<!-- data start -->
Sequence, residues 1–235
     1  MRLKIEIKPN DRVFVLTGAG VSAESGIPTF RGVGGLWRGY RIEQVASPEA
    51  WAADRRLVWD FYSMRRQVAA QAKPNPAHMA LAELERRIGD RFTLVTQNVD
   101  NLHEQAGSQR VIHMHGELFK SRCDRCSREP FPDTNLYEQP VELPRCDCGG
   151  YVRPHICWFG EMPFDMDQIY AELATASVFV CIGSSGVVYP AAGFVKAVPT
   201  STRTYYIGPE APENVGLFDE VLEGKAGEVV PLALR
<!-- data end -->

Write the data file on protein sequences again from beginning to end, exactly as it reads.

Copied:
Sequence, residues 1–235
     1  MRLKIEIKPN DRVFVLTGAG VSAESGIPTF RGVGGLWRGY RIEQVASPEA
    51  WAADRRLVWD FYSMRRQVAA QAKPNPAHMA LAELERRIGD RFTLVTQNVD
   101  NLHEQAGSQR VIHMHGELFK SRCDRCSREP FPDTNLYEQP VELPRCDCGG
   151  YVRPHICWFG EMPFDMDQIY AELATASVFV CIGSSGVVYP AAGFVKAVPT
   201  STRTYYIGPE APENVGLFDE VLEGKAGEVV PLALR